All of this relates to something else that needs to be stated once just as a matter of principle. Anyone who observes how I try to work will realize that I always attempt to let the matter at hand speak for itself. And that brings me to the issue of confidence, as I would like to call it. I would really like to ask you members to duly consider whether I have ever done anything with regard to either an individual or the Society as a whole to encourage confidence of a personal nature in myself. Try to think about this and come to a conclusion on the basis of how I hold my lectures.

Let us consider an obvious case. You were all so kind as to show up for the lecture I held two days ago on various mathematical and geometrical ideas. 3See II, note 1 above. In the course of this lecture, I told you that from a certain spiritual scientific perspective, matter is nothing; matter as we know it is a hole in space. There is nothing there where matter is. However, I do not want you to simply take this statement on faith; I am far from wanting anyone to take these teachings on faith simply because they come from me. Instead, I try to show how modern science, including its most advanced and respected representatives, can arrive at the same insight as spiritual science. I tried to demonstrate an objective basis in fact, a basis that is also revealed by the results of scientific research, regardless of my own personal way of arriving at this discovery and quite apart from the fact that I am the one telling you about it.

I make a point of doing this so you will not need personal faith in me, but will be able to do without it and see how I try to let the subject, no matter how difficult, speak for itself.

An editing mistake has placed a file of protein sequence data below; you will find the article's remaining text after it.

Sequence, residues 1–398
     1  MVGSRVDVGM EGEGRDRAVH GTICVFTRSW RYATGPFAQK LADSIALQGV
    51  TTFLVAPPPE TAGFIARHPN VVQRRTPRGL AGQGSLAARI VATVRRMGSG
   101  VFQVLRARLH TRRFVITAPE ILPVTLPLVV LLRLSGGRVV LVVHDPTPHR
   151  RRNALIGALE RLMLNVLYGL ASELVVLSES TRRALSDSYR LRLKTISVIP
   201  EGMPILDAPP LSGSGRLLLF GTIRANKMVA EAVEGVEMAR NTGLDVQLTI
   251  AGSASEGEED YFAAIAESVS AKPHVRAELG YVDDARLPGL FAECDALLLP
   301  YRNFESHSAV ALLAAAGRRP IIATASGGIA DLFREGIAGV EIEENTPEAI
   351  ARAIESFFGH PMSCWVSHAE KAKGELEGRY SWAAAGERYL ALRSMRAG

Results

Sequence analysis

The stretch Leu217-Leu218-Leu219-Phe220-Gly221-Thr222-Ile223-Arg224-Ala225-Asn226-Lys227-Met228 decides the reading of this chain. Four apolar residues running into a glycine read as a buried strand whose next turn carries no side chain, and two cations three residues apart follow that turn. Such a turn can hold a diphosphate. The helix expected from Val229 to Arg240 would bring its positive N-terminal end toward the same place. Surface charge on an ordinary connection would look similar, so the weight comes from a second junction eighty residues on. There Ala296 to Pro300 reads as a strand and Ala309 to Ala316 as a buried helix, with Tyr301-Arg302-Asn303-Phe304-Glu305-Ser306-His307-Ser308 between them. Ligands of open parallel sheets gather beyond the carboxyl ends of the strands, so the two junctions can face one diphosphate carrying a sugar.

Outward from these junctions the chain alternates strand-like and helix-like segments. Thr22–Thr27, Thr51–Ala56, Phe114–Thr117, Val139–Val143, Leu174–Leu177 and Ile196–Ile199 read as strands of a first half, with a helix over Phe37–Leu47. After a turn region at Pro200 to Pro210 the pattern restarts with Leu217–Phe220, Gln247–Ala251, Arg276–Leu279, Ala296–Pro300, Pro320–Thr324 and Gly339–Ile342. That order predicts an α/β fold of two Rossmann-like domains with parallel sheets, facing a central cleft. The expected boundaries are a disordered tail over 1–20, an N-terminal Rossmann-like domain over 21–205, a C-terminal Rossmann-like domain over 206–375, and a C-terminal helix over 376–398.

I am sorry to have to present the issue of confidence to you like this; I would have preferred for you to see for yourself that all my efforts are directed toward making confidence in a particular personality unnecessary. The only kind of confidence that comes into question here at all would be the kind enabling you to say, “He is really making an effort to not simply lecture us on some kind of inspired insights; he is really trying to get everything together in one place so that things can be assessed on their own merit, independent of his personality.” Of course, this is not to say that I always succeed in “getting everything together in one place” — first of all, there isn't enough time for that, and secondly it is the nature of things to remain incomplete. My method, however, does tend in the direction of eliminating rather than encouraging faith in me personally. That is how we have to look at this issue of confidence in a spiritual movement. That is what is important to me, but in this, too, I am only expressing my personal opinion.

Admittedly, we must also recognize a certain perspective that tends to make everything relative, since in general it is true that everything should be subject to legitimate criticism. And it is certainly true that everyone should have the right to criticize where criticism is justified. On the other hand, this business of criticizing must also be taken relatively. Just think, the amount of work we can do is limited by time and cannot be extended in just any direction according to the whims of others. In view of that, you will realize that some of Mr. Goesch's ideas have not been thought through in terms of real life.